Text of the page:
NFL Legend, Gino Marchetti, Dies at 93

Gino Marchetti, known as one of the best defensive end players for the great Baltimore Colts in the 50s, died on Monday in Paoli, Pennsylvania. He was 93.

Marchetti, the rugged son of Italian immigrants, died from pneumonia, according to his wife, Joan Marchetti.

“I kissed him, and he knew me and smiled,” Joan told the Baltimore Sun of the last moments with her husband. “That was Gino’s way of saying goodbye.”

The 6 feet 4 inches and 245 pounds man was a legend in and off the field.

After graduating from high school, he enlisted in the U.S. Army and bravely fought in the Battle of the Bulge as a machine gunner in World War II.

“It was the best thing I ever did. It gave me the discipline that I needed in my life,” he once said of his World War II experience.

At his return from the war, Marchetti enrolled at Modesto Junior College for a year before joining the football program at the University of San Francisco. He was selected in the second round of the 1952 NFL Draft by the New York Yanks, which later became the Baltimore Colts.

Marchetti played 13 seasons with the Colts and led them to victory in the NFL Championships of 1958 and 1959. He was known for being a ferocious, relentless and effective pass-rusher who had a knack for knowing where a play was going.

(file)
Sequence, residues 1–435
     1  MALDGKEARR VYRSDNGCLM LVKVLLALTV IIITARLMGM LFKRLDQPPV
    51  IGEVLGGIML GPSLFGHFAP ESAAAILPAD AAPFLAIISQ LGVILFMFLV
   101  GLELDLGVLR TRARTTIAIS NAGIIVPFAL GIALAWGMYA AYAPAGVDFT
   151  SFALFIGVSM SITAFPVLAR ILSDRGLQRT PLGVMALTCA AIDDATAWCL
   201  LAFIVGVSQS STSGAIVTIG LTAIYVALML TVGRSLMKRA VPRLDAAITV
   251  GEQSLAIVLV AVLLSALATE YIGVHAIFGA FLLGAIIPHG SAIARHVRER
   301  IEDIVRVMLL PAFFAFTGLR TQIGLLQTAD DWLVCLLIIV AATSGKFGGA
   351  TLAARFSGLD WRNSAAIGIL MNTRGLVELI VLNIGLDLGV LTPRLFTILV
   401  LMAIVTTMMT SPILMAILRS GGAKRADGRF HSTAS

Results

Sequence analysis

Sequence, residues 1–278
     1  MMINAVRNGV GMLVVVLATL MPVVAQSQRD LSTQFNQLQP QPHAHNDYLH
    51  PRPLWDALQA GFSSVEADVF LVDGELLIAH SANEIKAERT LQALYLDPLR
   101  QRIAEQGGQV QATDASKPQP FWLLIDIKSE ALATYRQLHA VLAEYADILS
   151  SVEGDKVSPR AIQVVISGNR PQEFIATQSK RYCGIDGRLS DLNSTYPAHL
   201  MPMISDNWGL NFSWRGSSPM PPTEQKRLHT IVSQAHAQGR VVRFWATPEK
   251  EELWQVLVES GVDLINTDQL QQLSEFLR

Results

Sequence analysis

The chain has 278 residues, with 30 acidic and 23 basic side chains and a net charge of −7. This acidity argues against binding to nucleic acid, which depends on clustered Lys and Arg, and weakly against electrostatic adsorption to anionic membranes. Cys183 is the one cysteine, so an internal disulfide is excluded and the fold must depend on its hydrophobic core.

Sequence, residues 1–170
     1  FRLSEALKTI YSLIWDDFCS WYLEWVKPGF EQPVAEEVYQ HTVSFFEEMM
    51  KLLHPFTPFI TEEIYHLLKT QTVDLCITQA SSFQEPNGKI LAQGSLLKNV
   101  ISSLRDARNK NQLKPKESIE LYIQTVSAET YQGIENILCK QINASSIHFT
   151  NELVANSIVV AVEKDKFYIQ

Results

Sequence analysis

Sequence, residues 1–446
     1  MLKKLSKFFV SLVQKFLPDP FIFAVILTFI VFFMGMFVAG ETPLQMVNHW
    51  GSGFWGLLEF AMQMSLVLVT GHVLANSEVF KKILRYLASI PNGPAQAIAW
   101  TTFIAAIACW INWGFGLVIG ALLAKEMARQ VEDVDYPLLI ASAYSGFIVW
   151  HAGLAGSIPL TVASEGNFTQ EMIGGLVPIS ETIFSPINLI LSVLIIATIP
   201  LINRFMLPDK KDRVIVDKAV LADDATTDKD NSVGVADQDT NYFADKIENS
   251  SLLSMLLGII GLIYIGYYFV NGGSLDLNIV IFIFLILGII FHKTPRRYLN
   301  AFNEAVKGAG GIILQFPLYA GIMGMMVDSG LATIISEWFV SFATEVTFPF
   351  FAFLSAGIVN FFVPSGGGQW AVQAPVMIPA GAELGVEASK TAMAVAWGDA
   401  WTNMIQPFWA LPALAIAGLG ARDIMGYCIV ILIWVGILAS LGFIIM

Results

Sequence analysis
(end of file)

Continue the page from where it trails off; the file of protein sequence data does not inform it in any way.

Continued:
One of his better and most famous plays took place in the 1958 championship game against the Giants. He tackled Frank Gifford just a yard before the first down mark. He fractured his ankle on that same play but insisted on watching the rest of the game from the sidelines.

In 1969, he was named the best defensive end of the NFL's first half-century. Three years later, Marchetti entered the Pro Football Hall of Fame.

In 1994, he was selected as one of the three defensive-ends players to enter the NFL 75th Anniversary All-Time Team, alongside Deacon Jones and Reggie White.

He appeared in 161 games on his career with 151 starts, was selected for 11 Pro Bowls and earned All-NFL honors nine times.

Hall of Fame president and CEO David Baker released a statement on Gino’s death saying:

“Gino Marchetti dominated the football field during his career in the 1950s and '60s as a leader of the great Baltimore Colts teams of that era. His ferocious style of play defined the character of a man who possessed a strong desire to succeed, passion, and determination that made him a great teammate.”

And continued:

“Those same traits made him a highly successful business leader after his playing days. The legacy of Gino Marchetti's well-lived life will forever be preserved in Canton, Ohio to serve as an inspiration to future generations of fans.”

Gino is survived by his wife, Joan; daughters Gina and Michelle; sons John and Eric; 16 grandchildren and 14 great-grandchildren.

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